Therefore, subconscious racism can influence our visual processing and how our minds work when we are subliminally exposed to faces of different colors. In thinking about crime, for example, social psychologist Jennifer L. Eberhardt (2004) of Stanford University holds that, "blackness is so associated with crime you're ready to pick out these crime objects."  Such exposures influence our minds and they can cause subconscious racism in our behavior towards other people or even towards objects. Thus, racist thoughts and actions can arise from stereotypes and fears of which we are not aware. 
Humans have built-in "other"-isms in order to protect ourselves. We categorize people in terms of ourselves and, in many cases, interpret differences from us in a negative way. ( That music they play in their homes is annoying! Can't they eat less disgusting food? ) We might even think, How sad. My neighbor who worships at a different church doesn't understand the higher truth . Or for easy identification, we might resort to caricatures, versions that emphasize one or two attributes we think a cultural group has. ( All Asians are gifted mathematicians. White people who live in trailers are alcoholics. )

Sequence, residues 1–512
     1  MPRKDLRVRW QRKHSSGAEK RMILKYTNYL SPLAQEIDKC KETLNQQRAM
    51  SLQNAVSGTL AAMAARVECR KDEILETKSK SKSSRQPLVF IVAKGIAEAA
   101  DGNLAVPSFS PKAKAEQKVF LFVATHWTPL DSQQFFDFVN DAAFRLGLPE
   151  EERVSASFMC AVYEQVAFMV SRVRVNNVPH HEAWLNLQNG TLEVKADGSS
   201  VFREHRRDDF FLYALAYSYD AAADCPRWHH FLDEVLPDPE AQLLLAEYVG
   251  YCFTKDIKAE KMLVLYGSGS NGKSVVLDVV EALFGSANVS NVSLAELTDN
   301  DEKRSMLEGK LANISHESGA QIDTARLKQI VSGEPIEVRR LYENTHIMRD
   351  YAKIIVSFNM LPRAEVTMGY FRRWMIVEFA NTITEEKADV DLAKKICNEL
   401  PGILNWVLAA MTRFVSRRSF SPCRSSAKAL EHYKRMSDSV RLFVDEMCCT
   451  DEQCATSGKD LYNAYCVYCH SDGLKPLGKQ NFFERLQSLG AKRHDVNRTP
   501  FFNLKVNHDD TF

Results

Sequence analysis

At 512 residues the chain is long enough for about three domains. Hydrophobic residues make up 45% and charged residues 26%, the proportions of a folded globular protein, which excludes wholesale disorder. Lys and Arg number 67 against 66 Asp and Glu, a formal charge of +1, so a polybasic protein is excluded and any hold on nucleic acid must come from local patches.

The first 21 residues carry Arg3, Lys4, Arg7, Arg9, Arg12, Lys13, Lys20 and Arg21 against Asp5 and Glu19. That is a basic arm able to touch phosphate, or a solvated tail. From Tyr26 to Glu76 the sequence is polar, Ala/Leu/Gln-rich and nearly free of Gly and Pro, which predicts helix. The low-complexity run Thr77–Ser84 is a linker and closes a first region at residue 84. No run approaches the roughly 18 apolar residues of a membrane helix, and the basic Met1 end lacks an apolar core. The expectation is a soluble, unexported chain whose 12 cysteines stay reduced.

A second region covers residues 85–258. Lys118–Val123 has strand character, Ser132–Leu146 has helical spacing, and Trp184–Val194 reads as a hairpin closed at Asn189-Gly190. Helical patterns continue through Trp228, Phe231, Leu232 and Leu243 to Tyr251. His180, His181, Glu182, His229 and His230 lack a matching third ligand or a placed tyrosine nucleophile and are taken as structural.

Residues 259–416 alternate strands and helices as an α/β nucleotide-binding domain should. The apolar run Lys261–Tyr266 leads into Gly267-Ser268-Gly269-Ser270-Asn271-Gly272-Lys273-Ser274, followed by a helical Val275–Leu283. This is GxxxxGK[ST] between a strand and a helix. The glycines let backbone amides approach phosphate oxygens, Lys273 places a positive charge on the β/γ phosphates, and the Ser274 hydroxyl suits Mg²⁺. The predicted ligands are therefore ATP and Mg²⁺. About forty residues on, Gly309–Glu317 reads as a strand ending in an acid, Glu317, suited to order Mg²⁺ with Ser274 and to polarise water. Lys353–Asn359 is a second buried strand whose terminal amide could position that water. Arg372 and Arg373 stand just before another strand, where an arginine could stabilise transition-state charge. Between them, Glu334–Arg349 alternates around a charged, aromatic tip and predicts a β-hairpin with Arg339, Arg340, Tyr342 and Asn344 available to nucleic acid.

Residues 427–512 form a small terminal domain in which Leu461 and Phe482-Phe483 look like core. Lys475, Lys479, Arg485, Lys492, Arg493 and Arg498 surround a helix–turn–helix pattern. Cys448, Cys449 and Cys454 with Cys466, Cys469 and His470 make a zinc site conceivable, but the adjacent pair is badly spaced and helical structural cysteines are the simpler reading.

� Disparities and bias range from treatment and diagnosis to access, funding, training and representation of racial minorities in the health care system.
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